• Funny how many writers hate the word “moist.” I’ve mentioned this to non-writers and they’re always mystified by it.

      • Personally I like “dripping.”

      • Oy, moist is a no-no. HA!

      • My pet peeves are scenes that – if acted out by humans- would either result in someone cracking their skull on the cabinets or tipping over furniture. Since my Day Job involves all these objects, I have a better sense on what really is possible and what is wishful thinking. Also – has anyone else seen the commercial for a dating website that illustrated these types of romantic endeavors going badly wrong? – I laugh wildly every time it gets aired.

      • “The night was…moist.” Heh heh.

  10. In my mind, a good sex scene is about the emotion. Yes, there are the mechanics, but the mechanics could be written in one quick paragraph and be boring. The passion, tenderness, or whatever other emotions you want to involve are what make the sex scene successful and interesting. In my current novel which takes place in the 18th century, my characters make love in a coach. I had to research the inside makings of a coach to see what I could use and what my restrictions were. Same issue in the case of their wardrobe. But the emotions were strong enough that they couldn’t wait until they got home, so the coach also helped me stress that emotion.

  11. Sex scenes don’t work in my regular stories, but in longer works, yes. The questions revolve around the characters: what kind of people are they? what is the relationship? where is it going? A mean bastard isn’t going to treat a partener tenderly, or maybe they will surprise us. A gentle soul may have a rough side we haven’t seen yet.

    Maybe the best and most difficult are suggestive, rather than discriptive, a balance of intimacy or action. Then, since readers assume autobiography, there’s that question of how much you are willing to toss out there to be loved or ravaged.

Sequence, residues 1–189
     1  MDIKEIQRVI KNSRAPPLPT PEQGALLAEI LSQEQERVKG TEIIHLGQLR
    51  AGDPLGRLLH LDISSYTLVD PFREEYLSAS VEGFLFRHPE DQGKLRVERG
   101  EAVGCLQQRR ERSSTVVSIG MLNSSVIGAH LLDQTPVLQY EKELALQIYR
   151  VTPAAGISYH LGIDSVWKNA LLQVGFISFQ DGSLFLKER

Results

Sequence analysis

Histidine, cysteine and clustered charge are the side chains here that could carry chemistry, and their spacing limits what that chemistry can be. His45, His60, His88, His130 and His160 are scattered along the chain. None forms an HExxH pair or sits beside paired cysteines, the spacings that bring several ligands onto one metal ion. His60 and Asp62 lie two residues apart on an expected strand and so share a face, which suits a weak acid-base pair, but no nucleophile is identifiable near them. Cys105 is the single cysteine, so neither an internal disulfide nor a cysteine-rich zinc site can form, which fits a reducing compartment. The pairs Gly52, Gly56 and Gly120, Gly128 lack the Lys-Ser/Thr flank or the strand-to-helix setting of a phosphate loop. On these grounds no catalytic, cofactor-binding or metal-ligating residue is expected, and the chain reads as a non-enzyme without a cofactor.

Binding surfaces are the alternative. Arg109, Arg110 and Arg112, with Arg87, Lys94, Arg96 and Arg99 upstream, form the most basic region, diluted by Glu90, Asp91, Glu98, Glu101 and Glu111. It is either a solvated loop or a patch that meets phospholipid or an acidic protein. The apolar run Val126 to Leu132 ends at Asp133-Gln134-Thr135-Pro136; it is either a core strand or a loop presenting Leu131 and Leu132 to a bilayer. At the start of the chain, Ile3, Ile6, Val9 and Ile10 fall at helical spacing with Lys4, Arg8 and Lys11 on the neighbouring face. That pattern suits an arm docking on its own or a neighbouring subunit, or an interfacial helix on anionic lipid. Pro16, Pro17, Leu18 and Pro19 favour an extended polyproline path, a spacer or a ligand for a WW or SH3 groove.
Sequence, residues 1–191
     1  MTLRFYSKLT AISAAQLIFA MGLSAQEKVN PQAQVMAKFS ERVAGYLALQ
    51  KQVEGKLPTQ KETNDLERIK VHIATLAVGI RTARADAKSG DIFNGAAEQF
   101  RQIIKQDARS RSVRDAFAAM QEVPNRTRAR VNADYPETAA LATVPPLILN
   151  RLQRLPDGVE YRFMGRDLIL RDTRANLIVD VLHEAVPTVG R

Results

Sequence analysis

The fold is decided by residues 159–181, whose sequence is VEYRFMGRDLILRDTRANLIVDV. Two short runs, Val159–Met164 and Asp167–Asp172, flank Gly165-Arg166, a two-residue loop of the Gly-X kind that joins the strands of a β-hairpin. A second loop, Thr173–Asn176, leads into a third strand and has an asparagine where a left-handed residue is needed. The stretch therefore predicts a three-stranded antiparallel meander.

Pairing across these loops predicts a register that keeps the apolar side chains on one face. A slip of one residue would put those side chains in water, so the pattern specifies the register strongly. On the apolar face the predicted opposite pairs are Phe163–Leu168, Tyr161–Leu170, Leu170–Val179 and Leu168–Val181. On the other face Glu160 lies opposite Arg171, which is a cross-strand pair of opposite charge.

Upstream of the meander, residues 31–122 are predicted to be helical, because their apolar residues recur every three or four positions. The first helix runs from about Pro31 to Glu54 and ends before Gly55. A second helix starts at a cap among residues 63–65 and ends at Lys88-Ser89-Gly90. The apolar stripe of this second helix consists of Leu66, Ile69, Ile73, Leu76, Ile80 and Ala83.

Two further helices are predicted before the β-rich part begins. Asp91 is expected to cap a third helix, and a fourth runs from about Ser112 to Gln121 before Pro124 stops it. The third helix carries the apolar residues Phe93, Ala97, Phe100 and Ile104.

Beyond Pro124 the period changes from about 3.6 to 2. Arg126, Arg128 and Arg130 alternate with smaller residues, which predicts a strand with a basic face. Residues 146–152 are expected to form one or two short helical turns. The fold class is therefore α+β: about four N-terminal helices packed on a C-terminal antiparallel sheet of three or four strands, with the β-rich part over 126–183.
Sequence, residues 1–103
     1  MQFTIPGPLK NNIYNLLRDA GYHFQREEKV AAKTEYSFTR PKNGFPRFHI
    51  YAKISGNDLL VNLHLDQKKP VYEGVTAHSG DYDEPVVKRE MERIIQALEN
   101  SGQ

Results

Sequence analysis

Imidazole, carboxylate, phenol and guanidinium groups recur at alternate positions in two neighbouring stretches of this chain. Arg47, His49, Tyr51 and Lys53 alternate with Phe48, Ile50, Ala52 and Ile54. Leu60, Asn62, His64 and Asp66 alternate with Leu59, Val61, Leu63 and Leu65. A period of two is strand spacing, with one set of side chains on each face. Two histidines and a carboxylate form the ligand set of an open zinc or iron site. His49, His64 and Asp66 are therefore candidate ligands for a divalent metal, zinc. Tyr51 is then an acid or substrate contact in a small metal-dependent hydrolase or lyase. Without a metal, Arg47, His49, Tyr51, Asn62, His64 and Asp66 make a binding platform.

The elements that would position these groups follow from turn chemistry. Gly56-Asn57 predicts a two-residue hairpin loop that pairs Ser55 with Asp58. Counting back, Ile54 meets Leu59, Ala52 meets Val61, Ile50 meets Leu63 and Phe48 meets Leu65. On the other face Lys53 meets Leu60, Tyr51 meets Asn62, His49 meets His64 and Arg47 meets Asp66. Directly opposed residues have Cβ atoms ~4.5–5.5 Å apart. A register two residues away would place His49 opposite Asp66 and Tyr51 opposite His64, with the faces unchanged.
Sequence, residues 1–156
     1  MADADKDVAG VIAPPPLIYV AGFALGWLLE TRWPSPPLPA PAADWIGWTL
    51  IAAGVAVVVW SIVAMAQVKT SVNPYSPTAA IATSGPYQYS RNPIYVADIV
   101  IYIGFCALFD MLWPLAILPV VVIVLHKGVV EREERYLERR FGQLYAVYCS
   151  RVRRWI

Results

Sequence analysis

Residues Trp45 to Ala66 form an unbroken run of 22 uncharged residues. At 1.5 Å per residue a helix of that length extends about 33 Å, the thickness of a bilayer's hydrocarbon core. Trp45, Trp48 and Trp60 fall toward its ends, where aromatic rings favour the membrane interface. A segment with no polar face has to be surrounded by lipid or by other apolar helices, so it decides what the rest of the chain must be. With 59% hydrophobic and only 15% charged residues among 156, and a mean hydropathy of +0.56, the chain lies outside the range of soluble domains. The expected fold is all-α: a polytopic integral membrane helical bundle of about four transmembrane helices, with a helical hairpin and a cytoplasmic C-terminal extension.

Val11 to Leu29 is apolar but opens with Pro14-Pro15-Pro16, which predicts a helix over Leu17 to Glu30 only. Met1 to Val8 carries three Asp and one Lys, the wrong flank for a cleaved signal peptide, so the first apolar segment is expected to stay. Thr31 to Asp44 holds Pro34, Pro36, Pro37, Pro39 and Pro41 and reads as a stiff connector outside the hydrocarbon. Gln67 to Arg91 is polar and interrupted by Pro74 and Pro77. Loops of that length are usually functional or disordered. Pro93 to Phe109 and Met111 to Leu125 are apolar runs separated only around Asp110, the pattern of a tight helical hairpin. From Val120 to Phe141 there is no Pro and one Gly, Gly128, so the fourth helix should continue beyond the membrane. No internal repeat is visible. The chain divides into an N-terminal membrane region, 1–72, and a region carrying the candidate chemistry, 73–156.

As always.

  12. Unless you’re writing erotica, you don’t need details. “They had sex on the couch, and the springs poked her back,” is enough. It’s like writing about eating. “She ate dinner,” is better than “She spooned the potpie into her mouth, and the crust dissolved deliciously on her tongue.”

    Too much sensual detail in writing gives me the creeps.

  13. Sex scenes don’t work. We know what happens don’t we? I don’t need someone spelling out the mechanics to me – it’s what leads up to it that counts…and what happens after. Sex scenes on tv and cinema are laughable. They’re not real..so I can’t believe in them. They’re usually just …squelchy!

    • I have to agree with you and RE in that the sex is not needed. I can’t remember a sex scene I’ve read or scene (on screen) that made the story better or saved it from being worse. I remember thinking it how stupid and gratuitous it was seeing Kelly McGillis briefly putting her girls on display in the movie Witness – and this was in my late teens!

      It’s interesting that even the comments in this post that are pro-sex scene hint at the overall unimportance of graphic depictions (see Leigh Sparrow’s). I say cut the mechanics and focus on the story.